Both Agritask and PLACE use globally applicable technologies to address the fundamentally local  challenges of adapting to climate change. By providing accurate data on local conditions, they empower local actors to make decisions that boost their resilience and productivity.

GIF has invested $3 million in Agritask, which unlocks the design of insurance products that can protect smallholder farmers upon the occurrence of extreme weather events, allowing them to become more productive through the uptake of new technology. The software platform registers and maps small farms, obtains field and high-resolution weather data, and correlates it with plot-level productivity. This empowers agricultural companies to dynamically assess risks, design targeted insurance products, and provide agronomic advice to suppliers.

The platform connects large-scale buyers of agricultural commodities to the smallholder farmers who are their suppliers, and also serves agricultural insurers, enhancing the resilience of the entire supply  chain.

PLACE provides mapping data for urban and coastal areas, strengthening government and stakeholder climate adaptation and resilience efforts. The non-profit received a $460,000 grant. Ultra-detailed, up-to-date digital maps are essential to planning and implementing climate resilience and adaptation measures in urban areas. Topographic maps accurate to centimetres, rather than metres, showing the current condition of roads and drainage, as well as dwelling density and conditions down to the house level, will be a critical contribution to urban resilience amidst the vast urban expansion already underway.

This type of data is generally not available for public use in the developing world. PLACE’s innovative data trust will hold all PLACE data received from governments and solve a market failure by harnessing commercial finance, engaging government support, and making the mapping data widely and affordably accessible. Drones and street camera systems operated by locally-run organisations are used to generate reliable geo-referenced images. These will be placed under government ownership, and then made available to NGOs, community groups and academics at low cost; and to private companies at commercial rates through PLACE Trust. This geospatial infrastructure can support a wide range of uses for urban planning and management, and data users agree to the ethical use of location data principles of the Locus Charter.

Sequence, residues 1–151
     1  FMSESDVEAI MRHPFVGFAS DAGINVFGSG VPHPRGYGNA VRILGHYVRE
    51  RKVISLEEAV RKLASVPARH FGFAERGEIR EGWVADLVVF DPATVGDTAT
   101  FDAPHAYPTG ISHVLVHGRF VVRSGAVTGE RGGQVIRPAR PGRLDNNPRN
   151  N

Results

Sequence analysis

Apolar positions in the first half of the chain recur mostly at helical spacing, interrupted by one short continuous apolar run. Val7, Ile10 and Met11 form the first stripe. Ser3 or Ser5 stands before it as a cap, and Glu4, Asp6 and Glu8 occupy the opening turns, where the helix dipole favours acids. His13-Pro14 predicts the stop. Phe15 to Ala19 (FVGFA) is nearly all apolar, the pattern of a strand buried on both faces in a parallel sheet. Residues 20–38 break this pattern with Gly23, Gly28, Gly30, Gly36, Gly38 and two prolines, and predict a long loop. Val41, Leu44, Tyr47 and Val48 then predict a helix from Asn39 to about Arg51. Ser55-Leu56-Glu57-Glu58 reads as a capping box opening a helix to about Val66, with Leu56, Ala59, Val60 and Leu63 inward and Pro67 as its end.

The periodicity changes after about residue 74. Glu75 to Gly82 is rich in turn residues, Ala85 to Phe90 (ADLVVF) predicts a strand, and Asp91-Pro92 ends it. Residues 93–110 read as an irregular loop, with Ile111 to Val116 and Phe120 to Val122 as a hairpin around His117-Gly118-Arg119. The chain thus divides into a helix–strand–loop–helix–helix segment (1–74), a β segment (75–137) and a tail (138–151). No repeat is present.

The challenge ahead

It is vital for governments globally to signal their dedication to the climate challenge. Through its Strategy for International Development, the UK Government has placed addressing the effects of climate change at the heart of its approach to development, as have other governments such as Canada, Sweden, Australia, and the US. GIF seeks to support this ambition. Indeed, at COP27 this week, Foreign Secretary James Cleverly explained: “the funding we have announced will support countries which are facing the devastating impact of climate change to adapt effectively.” This came alongside the UK’s announcement of a three-fold increase in funding for adaptation-related schemes from £500 million in 2019 to £1.5 billion in 2025.

The scale and nature of the climate crisis necessitates innovative and locally-led solutions. The way to protect millions of lives from being destroyed due to the climate crisis is to invest in innovators who bring innovative approaches to this major development challenge. Through our Innovating for Climate Resilience Fund, we want to work with our donor partners to bring about significant and sustained impact.

We continue to be strong advocates for increased funding towards innovations focused on supporting adaptation and resilience efforts in low-income countries, as epitomised by the Innovative Finance for Climate and Development roundtable which took place on 7 November. This also includes building the evidence base to demonstrate the outsized impact that a focus on adaptation and resilience can have in addressing the climate crisis which we know disproportionately affects the lives and livelihoods of the poorest people.